The misconception that content writing services is an “easy” job is certainly one of the most misplaced in modern times. Accomplished wordsmith or not, anyone who’s attempted even the shortest of writing tasks will tell you that a substantial effort is required in order to produce something worth reading. Apart from the obvious time investment, writers typically pour into their work all of their passion and creative effort. Writers dedicate much of their waking thoughts to their current project and worry themselves sick over the quality of what they have written. Before a text is handed over for approval, it will first have to be deemed fit by the harshest critic of all – the writer him/herself.
Content writers, in particular, have a hard bone to chew. Writers of content do not have the luxury of writing about any subject that strikes their fancy. Instead, they have to produce informed, descriptive and beguiling texts about topics they sometimes know nothing about. Hence, while their writing does remain artistic, it is much more tailored and specific.
However long you’ve been writing, if you’ve just lately branched into content, there’s no guarantee you’re going to get it right the first time you present a text for approval. Luckily, though, a content writer’s text is rarely rejected outright. What many companies believe in, instead, is providing writers with valuable, specific feedback. This presents writers with the opportunity to improve their work.
Here’s why we think receiving feedback can only ever be a good thing:
1. Positive feedback, not negative
Many writers baulk about receiving feedback, not wanting their work to be criticised. What they tend to forget, though, is that feedback is always positive. Any serious content writing services who values its writers will be very careful about delivering critique on a writer’s texts. It knows that a “well done” is just as – if not more – important than a “please edit.” Moreover, feedback pointing out what a writer can improve is carefully worded. Instructions should be clear and succinct, delivered in a pleasant manner and easy to follow. At Topcontent, we have a lot of faith in our writers and want to help them improve in every possible way. That’s why we make it a point to only give constructive criticism.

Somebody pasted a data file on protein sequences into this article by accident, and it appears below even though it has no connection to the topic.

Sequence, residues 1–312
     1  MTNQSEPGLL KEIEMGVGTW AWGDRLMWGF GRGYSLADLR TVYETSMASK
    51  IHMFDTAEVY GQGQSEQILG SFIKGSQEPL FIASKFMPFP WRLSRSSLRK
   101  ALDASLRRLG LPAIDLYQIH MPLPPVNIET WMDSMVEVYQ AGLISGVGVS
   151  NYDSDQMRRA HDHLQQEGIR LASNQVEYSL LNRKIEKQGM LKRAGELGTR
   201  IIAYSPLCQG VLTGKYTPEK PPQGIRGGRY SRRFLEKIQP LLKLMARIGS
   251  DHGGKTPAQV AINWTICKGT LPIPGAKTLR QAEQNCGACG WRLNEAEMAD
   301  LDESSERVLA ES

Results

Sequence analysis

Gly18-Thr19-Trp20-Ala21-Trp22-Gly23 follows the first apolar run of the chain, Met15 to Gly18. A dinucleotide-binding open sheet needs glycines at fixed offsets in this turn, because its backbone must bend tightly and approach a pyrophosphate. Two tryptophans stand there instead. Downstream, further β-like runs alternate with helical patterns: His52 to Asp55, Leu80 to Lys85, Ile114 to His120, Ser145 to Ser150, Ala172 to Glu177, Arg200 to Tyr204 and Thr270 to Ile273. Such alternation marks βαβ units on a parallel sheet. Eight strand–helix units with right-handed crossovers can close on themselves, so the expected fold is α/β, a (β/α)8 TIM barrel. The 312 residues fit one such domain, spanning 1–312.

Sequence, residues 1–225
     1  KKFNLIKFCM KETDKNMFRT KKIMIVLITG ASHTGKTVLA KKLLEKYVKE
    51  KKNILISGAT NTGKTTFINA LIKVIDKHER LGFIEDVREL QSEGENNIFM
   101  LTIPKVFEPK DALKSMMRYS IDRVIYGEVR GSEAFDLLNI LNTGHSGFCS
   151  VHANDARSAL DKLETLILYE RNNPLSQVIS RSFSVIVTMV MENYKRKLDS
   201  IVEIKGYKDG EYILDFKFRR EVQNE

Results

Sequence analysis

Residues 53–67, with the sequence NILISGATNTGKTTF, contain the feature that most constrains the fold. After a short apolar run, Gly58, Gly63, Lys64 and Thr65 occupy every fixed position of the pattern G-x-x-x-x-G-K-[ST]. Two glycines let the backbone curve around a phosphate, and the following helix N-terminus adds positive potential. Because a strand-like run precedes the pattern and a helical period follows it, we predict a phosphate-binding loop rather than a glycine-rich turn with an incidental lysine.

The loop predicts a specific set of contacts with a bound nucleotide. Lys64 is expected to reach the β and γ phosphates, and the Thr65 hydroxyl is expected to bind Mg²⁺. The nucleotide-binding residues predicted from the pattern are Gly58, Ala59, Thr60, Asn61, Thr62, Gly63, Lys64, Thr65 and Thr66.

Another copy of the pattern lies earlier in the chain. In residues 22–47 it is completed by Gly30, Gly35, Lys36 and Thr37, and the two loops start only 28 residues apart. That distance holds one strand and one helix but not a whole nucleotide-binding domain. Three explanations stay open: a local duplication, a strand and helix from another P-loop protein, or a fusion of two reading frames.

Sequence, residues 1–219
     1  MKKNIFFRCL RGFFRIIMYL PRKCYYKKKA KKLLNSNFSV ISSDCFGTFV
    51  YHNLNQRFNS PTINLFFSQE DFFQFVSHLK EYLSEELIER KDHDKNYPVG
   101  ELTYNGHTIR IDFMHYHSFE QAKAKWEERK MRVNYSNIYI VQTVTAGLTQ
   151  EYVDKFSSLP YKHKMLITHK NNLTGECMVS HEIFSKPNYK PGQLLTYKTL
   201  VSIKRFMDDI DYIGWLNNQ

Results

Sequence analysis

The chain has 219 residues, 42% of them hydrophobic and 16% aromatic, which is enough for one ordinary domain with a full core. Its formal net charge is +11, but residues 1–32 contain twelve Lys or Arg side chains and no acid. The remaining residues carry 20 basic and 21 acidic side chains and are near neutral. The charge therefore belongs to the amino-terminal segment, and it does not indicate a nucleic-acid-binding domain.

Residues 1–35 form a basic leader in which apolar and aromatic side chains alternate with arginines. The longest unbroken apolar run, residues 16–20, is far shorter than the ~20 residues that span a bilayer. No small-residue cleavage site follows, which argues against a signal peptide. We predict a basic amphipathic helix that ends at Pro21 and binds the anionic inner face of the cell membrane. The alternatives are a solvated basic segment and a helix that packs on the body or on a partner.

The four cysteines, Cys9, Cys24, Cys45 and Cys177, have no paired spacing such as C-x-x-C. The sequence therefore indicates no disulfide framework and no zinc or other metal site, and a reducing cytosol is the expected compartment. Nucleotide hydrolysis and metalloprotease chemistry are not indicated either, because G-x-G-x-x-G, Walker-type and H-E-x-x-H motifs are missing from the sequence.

2. Work appreciation
Imagine you’ve slaved over a particular project for days. You have conducted some impeccable research, found fantastically relevant images and finally turned in a gem of a text. The text follows instructions to a tee and, most importantly, fulfils its objective. Imagine, then, that after all the time you put in and the mind-wracking and the obsessive double-and-triple checking of instructions, you are met only with an echoing silence. Not even an acknowledgement of the receipt of your work is given.
Receiving feedback does much to raise a worker’s morale, even if it is just a short sentence to thank them for their hard work.
3. Patterns become clearer